Sizergh's wildlife walk
THIS TRAIL WAS CREATED BEFORE THE CORONAVIRUS CRISIS AND MAY NOT REFLECT THE CURRENT SITUATION. PLEASE CHECK THE SIZERGH HOMEPAGE FOR THE MOST UP TO DATE INFORMATION ABOUT VISITING. Sizergh is a great starting point for your Lake District holiday. The castle, still lived in by the Strickland family, is surrounded by a traditional agricultural estate with stunning views across the countryside, taking in the coast at Morecambe Bay, the Lakeland Fells and Pennines.
A spectacular wildlife walk in any season
Discover an amazing array of natural history throughout the year in this quiet corner of the South Lakes. Fritillary butterfly species fly effortlessly through the woodland glades in summer, basking and feeding in warm open areas.
Sizergh Castle car park, grid ref: SD498878
From Sizergh Castle car park, follow the purple way marker arrows labelled 'Sizergh Fell'. You will leave the car park at the southern end, through a footpath gate and into a field at the south end. This field can be very wet and muddy. Walk straight on with the wall on your left. During spring and summer buzzards and pheasants are a common sight along this stretch of footpath, as they nest in the woodland to your left.
Spot a very special visitor lurking in the trees in the car park. Hawfinches are very shy birds that are best seen in winter, when the trees have shed their leaves. In the winter months, they feed on the hornbeam seeds in the car park. Sizergh is a nationally important breeding site for the species.
Walk through the field keeping the high wall on your left. Go through the next gate into another field (which can also be very muddy). Ignore the gate to your right and keep walking onto Sizergh Fell. Wander uphill, keeping the low wall and fence on your right side. Notice the difference between the two fields either side of the fence boundary, where one has been improved.
Continue walking uphill, aiming for a clump of trees on the top. As you continue uphill towards the clump of trees at the top, you pass some hawthorn trees. These are excellent for attracting nesting birds in spring and fieldfare and redwings in winter, when they are plentiful with berries. Once at the top, there is a log bench, providing the perfect spot to stop and admire the view out to Morecambe Bay ahead of you and the Howgills and Pennines behind.
From the top, walk past the clump of trees on the right-hand side. Follow the footpath with the telephone lines on your left and the stunning Lake District Fells ahead of you. Continue across the top and then downhill until you reach a gate in the wall.
The south facing slope of Sizergh Fell has a high concentration of pre-historic sites. Look out for larger areas of loose limestone, which were historic burial sites. The bright limestone would have reflected the sun, so the burial sites could have been seen from miles around. Amongst the anthill bumps are the faint remains of a romano-British settlement.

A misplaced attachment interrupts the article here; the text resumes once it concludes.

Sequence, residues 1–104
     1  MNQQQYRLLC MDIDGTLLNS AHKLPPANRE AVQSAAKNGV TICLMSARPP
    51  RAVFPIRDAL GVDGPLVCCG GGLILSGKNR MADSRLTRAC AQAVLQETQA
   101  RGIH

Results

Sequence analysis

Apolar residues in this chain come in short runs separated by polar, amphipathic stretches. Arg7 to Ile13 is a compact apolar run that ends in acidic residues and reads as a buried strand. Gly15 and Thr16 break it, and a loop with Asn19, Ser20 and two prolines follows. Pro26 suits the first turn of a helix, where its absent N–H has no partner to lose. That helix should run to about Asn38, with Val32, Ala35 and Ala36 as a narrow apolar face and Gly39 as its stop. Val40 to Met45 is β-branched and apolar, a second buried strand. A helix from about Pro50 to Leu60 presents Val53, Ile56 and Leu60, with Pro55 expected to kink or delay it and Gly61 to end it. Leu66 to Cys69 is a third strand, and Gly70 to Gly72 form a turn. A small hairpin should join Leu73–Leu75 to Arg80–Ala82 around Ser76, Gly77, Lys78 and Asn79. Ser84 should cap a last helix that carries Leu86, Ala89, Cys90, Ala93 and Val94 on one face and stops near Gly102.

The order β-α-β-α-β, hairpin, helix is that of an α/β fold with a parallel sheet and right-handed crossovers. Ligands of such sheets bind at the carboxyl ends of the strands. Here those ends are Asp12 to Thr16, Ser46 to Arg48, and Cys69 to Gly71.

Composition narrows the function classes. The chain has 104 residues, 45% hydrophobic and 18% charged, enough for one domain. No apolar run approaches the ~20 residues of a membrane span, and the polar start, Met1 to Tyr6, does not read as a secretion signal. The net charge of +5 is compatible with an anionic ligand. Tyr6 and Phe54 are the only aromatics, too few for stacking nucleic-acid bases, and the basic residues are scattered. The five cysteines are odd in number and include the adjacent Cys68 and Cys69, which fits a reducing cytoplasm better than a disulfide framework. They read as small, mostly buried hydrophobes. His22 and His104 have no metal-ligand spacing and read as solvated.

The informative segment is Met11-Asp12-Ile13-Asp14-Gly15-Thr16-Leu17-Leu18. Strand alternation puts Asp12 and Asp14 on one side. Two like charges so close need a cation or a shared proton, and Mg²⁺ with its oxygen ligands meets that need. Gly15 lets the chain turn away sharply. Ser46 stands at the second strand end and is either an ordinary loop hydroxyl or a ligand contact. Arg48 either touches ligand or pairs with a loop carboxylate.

Go through the gate and take an immediate right. There is a flat track through the field of many bumps. Head towards a wall, with a field gate and footpath gate next to each other. The bumps are actually ant hills. During the summer the fell and these fields are filled with magnificent wildflowers, bees and butterflies. You might even be able to spot a green woodpecker feeding on the ants.
Stop and listen
In the summer, Sizergh Fell is alive with life. Purple swathes of field scabius and harebells and a yellow haze of buttercups, bedstraw and cowslips cover the ground. There is a gentle buzz of bees hard at work, occasionally interrupted by the laughing Green Woodpeckers.
Go through the footpath gate and take a left, which will go down a steep hill, with a woodland to the left. The path heads down towards a road, with Lane End Farm on the other side.
Fritillary butterfly species fly effortlessly through the woodland glades in summer, basking and feeding in warm open areas. Sunlight encourages the growth of food plants like violets and cowslip on the woodland floor; valuable for egg laying and caterpillar feeding. Trees are cut down in lines called glades, connecting valuable open feeding areas. Sheltered areas provide a rich nectaring source for adults as they feed on brambles.
Before you reach the gate onto the road take a right, so that you stay in the field. Continue walking keeping the hedgerow and the road to your left. As you reach the end of the field turn right and head across the field, through a large field gate.
The grassland is carefully managed by one of our tenant farmers, who farms a mixture of native breed cattle. These native breeds thrive on the relatively low calorific fodder that unimproved, limestone grassland provides.
Once through the gate, take a left walking around a large Ash tree, cutting a corner of the field to a small footpath gate in the wall. Walk through the gate and through the next field keeping the wall on your left, aiming for the footpath gate on the other side of the field. This field can be wet so please watch your step.
Walk through this gate and up a small slope onto Ashbank Lane and head right, immediately going through a large field gate. Walk along this stone track, keeping the high, historic deer park wall to your right. You will eventually pass a spectacular veteran ash tree on your right side, and not far past this is a large gate hung from impressive limestone stoops.
Walk through the gate, onto a narrow track with a hedgerow on your right and a wall to your left. Walk up a slope, and down the other side which will then return you to the Sizergh Castle car park and some well-earned refreshments at the café!
Sizergh Castle car park, grid ref: SD498878
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